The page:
He even did a grade-school book report on Jimmy, an aviation pioneer and leader of what became known as the Doolittle Raid during World War II -- the first air bombing raid to strike the Japanese home islands after Pearl Harbor.
It took until Friday, though, 72 years after the attack, for members of the Doolittle Raid to be awarded the Congressional Gold Medal.
"The more you learn about it, the more I was surprised it hadn't been awarded to them already," said Sean. "It's kind of a long time coming, but it's definitely well deserved."
Jimmy, it turns out, isn't some great, great uncle of Sean's, like the youngster originally was thought to believe. That much he knew when learning through research on several ancestry sites that Jimmy was an only child. Only recently did he discover Jimmy is his seventh cousin.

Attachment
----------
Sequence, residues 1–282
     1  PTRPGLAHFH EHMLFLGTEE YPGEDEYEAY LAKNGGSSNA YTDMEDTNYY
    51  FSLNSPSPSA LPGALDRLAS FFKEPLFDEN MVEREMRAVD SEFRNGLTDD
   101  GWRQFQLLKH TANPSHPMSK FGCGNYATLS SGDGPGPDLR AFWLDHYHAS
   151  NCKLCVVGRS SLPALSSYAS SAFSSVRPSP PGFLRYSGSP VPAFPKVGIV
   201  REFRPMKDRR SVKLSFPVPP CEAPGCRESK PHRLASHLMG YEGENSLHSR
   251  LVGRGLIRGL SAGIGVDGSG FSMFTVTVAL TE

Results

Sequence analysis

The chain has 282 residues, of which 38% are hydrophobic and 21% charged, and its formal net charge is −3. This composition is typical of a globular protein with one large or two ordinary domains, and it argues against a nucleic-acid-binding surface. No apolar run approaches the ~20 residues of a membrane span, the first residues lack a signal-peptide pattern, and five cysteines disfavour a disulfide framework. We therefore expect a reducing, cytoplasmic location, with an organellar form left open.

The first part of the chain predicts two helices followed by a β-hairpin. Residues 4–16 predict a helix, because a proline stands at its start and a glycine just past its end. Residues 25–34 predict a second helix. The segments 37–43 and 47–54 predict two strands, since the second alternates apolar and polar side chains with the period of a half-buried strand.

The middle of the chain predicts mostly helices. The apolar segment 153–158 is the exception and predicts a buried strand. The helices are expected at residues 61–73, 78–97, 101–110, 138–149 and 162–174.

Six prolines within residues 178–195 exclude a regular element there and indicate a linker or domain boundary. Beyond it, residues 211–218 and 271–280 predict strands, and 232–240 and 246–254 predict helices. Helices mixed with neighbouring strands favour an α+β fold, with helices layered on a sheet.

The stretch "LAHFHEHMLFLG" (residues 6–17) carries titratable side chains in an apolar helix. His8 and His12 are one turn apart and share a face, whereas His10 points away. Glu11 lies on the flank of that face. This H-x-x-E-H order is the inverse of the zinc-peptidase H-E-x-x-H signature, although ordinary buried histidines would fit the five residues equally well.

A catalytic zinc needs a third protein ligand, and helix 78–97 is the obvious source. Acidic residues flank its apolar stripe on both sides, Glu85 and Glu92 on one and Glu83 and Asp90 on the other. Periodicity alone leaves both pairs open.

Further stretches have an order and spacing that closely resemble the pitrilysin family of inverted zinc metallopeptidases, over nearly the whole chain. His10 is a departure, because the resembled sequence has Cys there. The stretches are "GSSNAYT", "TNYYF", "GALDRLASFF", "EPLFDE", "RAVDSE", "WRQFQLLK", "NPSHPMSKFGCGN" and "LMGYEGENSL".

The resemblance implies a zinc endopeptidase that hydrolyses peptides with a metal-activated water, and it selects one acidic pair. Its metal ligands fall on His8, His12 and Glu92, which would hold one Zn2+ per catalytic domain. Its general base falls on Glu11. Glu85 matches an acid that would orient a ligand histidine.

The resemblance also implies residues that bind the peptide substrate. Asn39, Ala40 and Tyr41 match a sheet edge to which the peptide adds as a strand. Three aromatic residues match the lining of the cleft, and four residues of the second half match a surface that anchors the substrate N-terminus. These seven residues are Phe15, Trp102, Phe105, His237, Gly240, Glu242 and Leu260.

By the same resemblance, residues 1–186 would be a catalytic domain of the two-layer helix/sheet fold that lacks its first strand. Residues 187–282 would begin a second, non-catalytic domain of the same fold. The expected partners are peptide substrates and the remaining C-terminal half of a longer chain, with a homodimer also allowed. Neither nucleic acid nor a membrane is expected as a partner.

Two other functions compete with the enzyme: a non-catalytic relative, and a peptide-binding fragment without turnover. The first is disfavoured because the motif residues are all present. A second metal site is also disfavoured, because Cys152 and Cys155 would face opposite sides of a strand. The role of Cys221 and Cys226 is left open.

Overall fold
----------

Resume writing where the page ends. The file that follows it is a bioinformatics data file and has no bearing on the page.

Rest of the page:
Jimmy passed in 1993, when Sean was 7 years old, and there remain only four surviving Tokyo Raiders of the original 80.
Sean took a tour of the USS Hornet Museum at nearby Naval Air Station Alameda last year, piquing his interest even more after viewing maps of the attack sites and photos from that fateful day commanded by Jimmy.
"It's been kind of rewarding for me, being in this area, going over to the Hornet a couple of times and learning about the Raid," said Sean, whose father, Rory, is retired Air Force. "It's pretty crazy. So awesome."
Jane Lee is a reporter for MLB.com. Read her blog, Major Lee-ague, and follow her on Twitter @JaneMLB. This story was not subject to the approval of Major League Baseball or its clubs.